SASSEN, ROGER, JAMES M. BROOKS, IAN R. MacDONALD, MAHLON C. KENNICUTT II, and NORMAN L. GUINASSO, JR., Geochemical and Environmental Research Group, Texas A&M University, College Station, TX
ABSTRACT: Association of Oil Seeps and Chemosynthetic Communities with Oil Discoveries, Upper Continental Slope, Gulf of Mexico
A belt of sea-floor oil seeps and chemosynthetic communities has been mapped across the upper continental slope, offshore Louisiana, at depths ranging from 200 to 1000 m. Visibly oil-stained sediments and thelmogenic gas hydrates have been recovered using piston cores and research submarines. Biomarker fingerprinting of seep oils suggests an origin from deeply buried Cretaceous or Jurassic source rocks characterized by marine kerogen. The abundance of seeps provides a unique opportunity to define their relationship to oil discoveries including Auger, Cooper, Jolliet, Marquette, Vancouver, Popeye, and Mars. Seeps are preferentially distributed over shallow salt ridges that rim intrasalt basin cooking pots, over salt diapirs, and along shallow fault traces near discoveries. Diagnostic s ep-related features on the sea floor include gas hydrate mounds and outcrops, pockmarks and craters, mud volcanoes, and carbonate buildups. Many of the 50 chemosynthetic communities including tube worms, mussels, or clams thus far documented in the Gulf occur near discoveries. Recent imagery from orbital platforms, including the space shuttle, shows that natural oil slicks are common on the sea surface in this area. Additional mapping of seep distributions should contribute to better defining of the limits of the deep Gulf play fairway.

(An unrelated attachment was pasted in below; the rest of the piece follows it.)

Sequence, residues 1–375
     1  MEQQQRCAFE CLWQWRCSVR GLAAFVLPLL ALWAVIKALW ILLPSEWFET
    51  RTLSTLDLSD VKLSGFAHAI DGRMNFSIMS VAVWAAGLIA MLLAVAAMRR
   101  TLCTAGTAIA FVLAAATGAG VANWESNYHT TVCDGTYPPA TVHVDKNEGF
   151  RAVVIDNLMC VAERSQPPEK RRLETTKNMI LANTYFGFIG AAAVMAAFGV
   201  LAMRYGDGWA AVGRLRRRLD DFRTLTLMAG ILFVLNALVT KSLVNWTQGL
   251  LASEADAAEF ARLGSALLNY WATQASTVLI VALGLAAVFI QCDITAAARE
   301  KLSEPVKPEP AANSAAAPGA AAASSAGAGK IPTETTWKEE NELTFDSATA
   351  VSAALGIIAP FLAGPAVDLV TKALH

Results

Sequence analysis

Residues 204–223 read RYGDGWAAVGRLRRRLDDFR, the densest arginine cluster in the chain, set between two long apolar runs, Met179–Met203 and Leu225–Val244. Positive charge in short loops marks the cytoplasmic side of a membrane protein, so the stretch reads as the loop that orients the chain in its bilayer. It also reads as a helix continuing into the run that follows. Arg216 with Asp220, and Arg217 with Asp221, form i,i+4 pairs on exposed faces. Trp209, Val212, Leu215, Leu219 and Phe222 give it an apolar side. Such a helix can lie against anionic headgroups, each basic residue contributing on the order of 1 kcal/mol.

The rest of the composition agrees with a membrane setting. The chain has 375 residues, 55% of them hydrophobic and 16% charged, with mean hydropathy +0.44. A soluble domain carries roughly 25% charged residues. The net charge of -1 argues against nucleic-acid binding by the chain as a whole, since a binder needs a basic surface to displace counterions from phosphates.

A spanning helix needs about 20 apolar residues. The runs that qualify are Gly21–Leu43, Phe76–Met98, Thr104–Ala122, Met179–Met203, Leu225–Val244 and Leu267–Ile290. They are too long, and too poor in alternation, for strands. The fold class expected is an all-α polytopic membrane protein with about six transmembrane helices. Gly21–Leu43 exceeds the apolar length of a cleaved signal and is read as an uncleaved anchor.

AAPG Search and Discovery Article #90989©1993 GCAGS and Gulf Coast SEPM 43rd Annual Meeting, Shreveport, Louisiana, October 20-22, 1993.